Blitz: The LeagueBlitz: The League is an American football game by Midway as an unlicensed extension of their NFL Blitz series. Released after the NFL signed an exclusive licensing deal with Electronic Arts, it was released in October 2005 for the PlayStation 2 and Xbox. This game is the first in the Blitz series to receive an "M" rating by the ESRB due to the graphic violence, explicit language, and drug use depicted. Lawrence Taylor, who provides voice acting for the game, serves as its official spokesman. In 2006, a second version of the game was released on the Xbox 360 in October. In December 2006, a portable version was released on the PlayStation Portable . These versions included the voicework and likeness of former pro linebacker Bill Romanowski. The game was originally intended to be a Wii launch title, but the Wii-version was delayed and eventually canceled.
On 22 January 2007, the game was refused classification by the Office of Film and Literature Classification in Australia, effectively banning the game there. The game was banned as the use of drugs was related to incentives and rewards.
Blitz: The League GameplayBlitz: The League is very similar to previous installments in the Blitz series, as it depicts an aggressive and violent version of gridiron football. Like previous games in the series, first downs are awarded at 30 yards, not 10; there are eight men to a side (similar to arena football, not 11 as in American football); penalties and referees do not exist (although players are somehow prohibited from going offsides); and overly vicious tackles and blocking are the norm. On gaining yards, making tackles for a loss, scoring, or forcing turnovers, players are rewarded with an increased "Clash" meter. When the "Clash" meter is charged up, players may perform "dirty" stiff-arms, dodges, rush avoidance (for quarterbacks), or, most importantly, "dirty hits" on defense. Performing a "dirty" hit or stiff-arm causes opposing players to lose stamina (in essence, reducing their effectiveness) and occasionally become injured (An image of an x-ray would zoom into a specific bone and show it snap, show a ligament tearing, or depict a different brutal injury). After successfully performing a number of "Clash" moves (or forcing turnovers and scoring touchdowns), players can perform "Unleash" moves which are nearly unstoppable.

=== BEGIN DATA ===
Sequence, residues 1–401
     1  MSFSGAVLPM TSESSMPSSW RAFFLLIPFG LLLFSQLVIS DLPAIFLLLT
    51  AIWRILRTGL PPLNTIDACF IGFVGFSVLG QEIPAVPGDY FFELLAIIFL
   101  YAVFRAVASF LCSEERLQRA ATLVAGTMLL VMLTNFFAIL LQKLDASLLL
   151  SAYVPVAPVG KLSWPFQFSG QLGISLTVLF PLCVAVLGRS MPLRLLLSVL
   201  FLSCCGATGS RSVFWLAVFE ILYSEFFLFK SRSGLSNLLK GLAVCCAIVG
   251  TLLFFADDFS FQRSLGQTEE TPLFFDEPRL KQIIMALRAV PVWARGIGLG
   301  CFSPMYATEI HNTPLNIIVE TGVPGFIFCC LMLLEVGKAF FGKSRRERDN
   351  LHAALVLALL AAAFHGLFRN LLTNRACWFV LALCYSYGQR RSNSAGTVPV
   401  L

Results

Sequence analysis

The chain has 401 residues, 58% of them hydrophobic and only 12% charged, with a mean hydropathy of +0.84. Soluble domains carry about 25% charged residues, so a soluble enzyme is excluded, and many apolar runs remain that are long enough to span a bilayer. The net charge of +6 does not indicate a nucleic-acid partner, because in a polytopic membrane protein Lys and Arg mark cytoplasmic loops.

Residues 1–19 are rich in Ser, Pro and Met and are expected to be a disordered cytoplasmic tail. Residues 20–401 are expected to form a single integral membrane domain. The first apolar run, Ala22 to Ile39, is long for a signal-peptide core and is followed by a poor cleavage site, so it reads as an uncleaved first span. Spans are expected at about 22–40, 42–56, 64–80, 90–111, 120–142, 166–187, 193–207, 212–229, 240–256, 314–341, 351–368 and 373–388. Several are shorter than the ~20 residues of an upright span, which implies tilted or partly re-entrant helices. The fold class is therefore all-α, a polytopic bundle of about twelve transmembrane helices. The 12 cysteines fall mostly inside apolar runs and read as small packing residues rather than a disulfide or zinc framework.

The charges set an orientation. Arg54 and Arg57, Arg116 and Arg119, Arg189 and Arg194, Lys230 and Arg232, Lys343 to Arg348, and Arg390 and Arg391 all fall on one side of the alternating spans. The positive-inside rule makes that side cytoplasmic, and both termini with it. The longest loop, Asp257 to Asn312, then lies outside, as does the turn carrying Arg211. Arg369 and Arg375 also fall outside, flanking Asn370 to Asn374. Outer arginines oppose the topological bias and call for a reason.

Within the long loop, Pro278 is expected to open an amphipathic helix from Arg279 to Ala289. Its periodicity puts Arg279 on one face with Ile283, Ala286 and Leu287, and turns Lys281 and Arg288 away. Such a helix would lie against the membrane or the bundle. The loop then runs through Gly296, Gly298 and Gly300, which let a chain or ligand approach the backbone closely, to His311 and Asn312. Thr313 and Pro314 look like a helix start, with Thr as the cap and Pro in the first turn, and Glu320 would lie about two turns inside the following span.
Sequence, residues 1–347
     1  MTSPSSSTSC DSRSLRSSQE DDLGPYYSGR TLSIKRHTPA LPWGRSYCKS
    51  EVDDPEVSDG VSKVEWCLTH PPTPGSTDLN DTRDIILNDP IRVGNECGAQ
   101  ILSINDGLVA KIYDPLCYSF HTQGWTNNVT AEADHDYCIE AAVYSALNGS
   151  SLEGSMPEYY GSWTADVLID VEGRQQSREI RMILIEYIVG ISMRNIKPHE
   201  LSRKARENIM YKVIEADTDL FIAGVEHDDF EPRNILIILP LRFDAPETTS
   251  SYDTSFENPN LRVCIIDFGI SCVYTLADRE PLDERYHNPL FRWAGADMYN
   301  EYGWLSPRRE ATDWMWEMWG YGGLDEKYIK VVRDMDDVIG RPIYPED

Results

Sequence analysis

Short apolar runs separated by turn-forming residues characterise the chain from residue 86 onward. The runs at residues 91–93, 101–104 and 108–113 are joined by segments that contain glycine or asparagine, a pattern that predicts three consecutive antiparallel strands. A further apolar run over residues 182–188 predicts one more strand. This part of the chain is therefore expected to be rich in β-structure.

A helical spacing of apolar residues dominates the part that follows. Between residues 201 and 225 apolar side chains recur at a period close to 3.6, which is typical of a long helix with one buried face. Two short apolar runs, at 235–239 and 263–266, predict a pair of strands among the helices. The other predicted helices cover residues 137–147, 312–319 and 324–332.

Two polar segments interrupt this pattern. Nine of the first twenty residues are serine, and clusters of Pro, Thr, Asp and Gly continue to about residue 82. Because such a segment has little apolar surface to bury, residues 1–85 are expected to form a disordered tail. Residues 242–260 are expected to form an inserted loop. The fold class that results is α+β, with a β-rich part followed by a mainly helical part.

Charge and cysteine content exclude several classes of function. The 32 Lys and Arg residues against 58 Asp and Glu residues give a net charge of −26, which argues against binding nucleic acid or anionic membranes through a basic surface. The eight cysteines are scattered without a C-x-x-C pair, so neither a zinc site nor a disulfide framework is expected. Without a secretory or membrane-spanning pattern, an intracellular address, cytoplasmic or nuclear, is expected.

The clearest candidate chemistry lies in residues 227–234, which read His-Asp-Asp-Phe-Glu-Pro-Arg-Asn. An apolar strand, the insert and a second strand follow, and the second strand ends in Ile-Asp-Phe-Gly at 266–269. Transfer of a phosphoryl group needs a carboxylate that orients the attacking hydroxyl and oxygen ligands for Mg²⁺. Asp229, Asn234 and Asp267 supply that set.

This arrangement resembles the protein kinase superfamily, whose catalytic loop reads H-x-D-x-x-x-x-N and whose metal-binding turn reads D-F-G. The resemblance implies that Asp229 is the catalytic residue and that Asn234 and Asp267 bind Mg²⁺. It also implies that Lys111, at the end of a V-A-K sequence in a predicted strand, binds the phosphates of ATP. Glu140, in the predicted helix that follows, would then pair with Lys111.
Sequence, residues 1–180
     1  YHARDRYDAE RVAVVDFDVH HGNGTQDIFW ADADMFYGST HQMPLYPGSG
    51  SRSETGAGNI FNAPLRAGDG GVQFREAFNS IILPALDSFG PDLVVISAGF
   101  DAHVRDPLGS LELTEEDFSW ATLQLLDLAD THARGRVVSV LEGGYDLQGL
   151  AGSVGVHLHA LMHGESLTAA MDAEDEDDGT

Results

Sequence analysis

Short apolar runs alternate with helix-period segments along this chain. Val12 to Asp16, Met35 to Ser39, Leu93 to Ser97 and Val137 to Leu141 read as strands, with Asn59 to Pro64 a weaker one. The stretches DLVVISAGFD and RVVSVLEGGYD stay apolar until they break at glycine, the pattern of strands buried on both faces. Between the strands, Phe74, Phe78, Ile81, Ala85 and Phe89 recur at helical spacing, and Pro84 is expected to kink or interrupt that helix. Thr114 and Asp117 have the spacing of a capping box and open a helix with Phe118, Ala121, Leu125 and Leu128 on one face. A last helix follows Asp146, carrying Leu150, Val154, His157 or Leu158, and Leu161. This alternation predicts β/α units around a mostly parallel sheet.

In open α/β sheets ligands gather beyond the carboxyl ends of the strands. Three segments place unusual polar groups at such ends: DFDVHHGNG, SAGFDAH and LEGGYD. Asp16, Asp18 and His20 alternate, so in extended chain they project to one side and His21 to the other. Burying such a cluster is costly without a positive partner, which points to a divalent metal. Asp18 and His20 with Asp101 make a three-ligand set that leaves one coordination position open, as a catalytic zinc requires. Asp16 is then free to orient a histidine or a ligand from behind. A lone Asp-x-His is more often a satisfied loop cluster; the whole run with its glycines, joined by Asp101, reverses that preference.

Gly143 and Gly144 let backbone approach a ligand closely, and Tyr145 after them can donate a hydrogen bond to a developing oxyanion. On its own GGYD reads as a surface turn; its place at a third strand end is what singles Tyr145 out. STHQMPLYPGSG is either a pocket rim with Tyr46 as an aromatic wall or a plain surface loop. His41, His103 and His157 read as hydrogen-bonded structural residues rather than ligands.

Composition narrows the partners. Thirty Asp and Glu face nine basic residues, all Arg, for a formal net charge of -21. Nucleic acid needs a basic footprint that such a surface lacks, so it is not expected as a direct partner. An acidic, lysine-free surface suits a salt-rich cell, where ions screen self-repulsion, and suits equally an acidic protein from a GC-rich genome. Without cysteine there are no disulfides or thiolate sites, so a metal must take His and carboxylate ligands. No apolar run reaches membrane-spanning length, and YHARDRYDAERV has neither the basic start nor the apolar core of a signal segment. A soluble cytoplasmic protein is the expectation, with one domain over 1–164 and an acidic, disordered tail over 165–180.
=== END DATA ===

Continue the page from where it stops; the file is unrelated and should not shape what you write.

When an injury occurs, the player may choose to "treat" the injury normally, or "juice" the injury (inject an athlete with steroids). "Juicing" causes an injury to be ignored, but increases the risk of more severe injuries. However some injuries are so serious (kneecap fracture, torn ACL, wrist fracture, ruptured Achilles), that juicing is not a possible option.
ReceptionCritical reception for Blitz: The League was mostly positive. Gamerankings.com gives the PlayStation 2 release a score of 76% and the Xbox release a score of 78%.
The most common critical complaints with Blitz revolved around allegations of "rubberband AI"; that is, in single-player mode, the computer opponent becomes nearly unbeatable late in games with the human player leading. However, many critics also pointed out that "rubberband AI" is also an undocumented feature of more "legitimate" football titles such as the Madden NFL series.
Blitz: The League's Lead Designer, Kraig Kujawa, said on website operationsports.com that there was actually no "rubberband AI" and that it was just people's perception based on past Blitz games that had it.
The PlayStation 2 and PlayStation Portable releases of Blitz have also been criticized for their very long delays and load times. This does not apply to the PlayStation 2 Slim.
As reported by GamePolitics.com, the government of Australia has officially banned the game due to steroid use. The game is region free so the NTSC version of the game can be played on Australian PAL Xbox 360 consoles.
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